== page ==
U.S. cuts red tape to increase food production, fill Ukraine gap, says Biden
Jeff O’Connor gave President Biden a firsthand introduction to double-cropping on his 800-acre Illinois farm on Wednesday and agreed with the president that America can help fill the gap in global food supplies created by the war in Ukraine. “We have the ability to raise two crops in one growing season while simultaneously providing conservation benefits,” said O’Connor. “The farming community stands ready to maximize production, which we do so well, in this time of world need.”
During a 15-minute speech on a hot afternoon, Biden described U.S. farmers as “the breadbasket of democracy” and announced three steps to expand farm production. “We’re reducing the red tape so it’s easier for farmers to conserve inputs and double-crop.”
In a specific step, the USDA would expand by more than 50% the number of counties where insurance is offered for double-cropping. Family farmers like Jeff and Gina O’Connor work on a tight schedule to harvest wheat in early summer and plant soybeans in time for a good yield in the fall.
If there’s bad weather or other trouble, “then the timing of everything is off,” said Biden. “But it’s a risk we need to take. That’s why my administration is looking at how to extend crop insurance coverage to give financial security to farmers like Jeff who practice double-cropping.”
The administration also will double, to $500 million, a new grant program for “independent, innovative, and sustainable American fertilizer production” as a remedy for high-priced fertilizers and a reliance on supplies from Russia, the world’s top fertilizer exporter. Finally, the USDA will streamline the application process for farmers seeking expert advice and cost-share funds to adopt precision agriculture techniques that tailor fertilizer, pesticide, and seed applications to the varying yield potential of land on a farm.
“It’s critical to get this done,” said Biden, referring to the project for more U.S. fertilizer production.
“Just think about it. Right now, America is fighting on two fronts. At home, it’s inflation and rising prices. Abroad, it’s helping Ukrainians defend their democracy and feeding those who are left hungry around the world because Russian atrocities exist.”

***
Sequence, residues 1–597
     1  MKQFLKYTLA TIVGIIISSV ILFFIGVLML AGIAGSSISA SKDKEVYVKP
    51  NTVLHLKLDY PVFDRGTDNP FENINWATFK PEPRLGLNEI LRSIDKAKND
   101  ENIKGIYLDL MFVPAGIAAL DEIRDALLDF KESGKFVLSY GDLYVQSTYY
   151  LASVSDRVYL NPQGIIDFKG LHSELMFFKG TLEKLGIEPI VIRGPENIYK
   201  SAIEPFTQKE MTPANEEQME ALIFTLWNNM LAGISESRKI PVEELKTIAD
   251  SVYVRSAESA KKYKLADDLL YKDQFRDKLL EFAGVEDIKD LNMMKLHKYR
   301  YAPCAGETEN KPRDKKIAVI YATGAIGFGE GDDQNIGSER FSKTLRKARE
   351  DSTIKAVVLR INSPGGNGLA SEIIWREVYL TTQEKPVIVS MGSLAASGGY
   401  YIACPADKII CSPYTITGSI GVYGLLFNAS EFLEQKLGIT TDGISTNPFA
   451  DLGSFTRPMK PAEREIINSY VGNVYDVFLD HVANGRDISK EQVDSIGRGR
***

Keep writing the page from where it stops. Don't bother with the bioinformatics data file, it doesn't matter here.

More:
Agriculture Secretary Tom Vilsack, who joined Biden for the visit to the O’Connor farm in Kankakee, 60 miles south of Chicago, will attend the G7 agriculture ministers meeting in Germany later this week. “They’re going to see what actions we can take to increase fertilizer suppliers globally, and identify how we can work together to prevent export restrictions on food and agricultural inputs and bring more global production to market, which will stabilize prices and bring more certainty to our farmers and keep people from dying of hunger,” said Biden.
Arkansas Sen. John Boozman, the senior Republican on the Senate Agriculture Committee, said the administration “is taking a positive step in announcing some measures that will spur double-cropping of select crops this fall and into 2023.” But it could do more to bring idled land into production, he said. “The reality is it will take years for the benefits of this proposal to be realized while a food crisis ensues.”
Ukraine and Russia are two of the world’s leading sources of wheat on the international market, and Ukraine is the top exporter of sunflower oil.
The White House fact sheet on double-cropping and crop insurance is available here.
The White House transcript of the president’s remarks at the O’Connor farm is available here.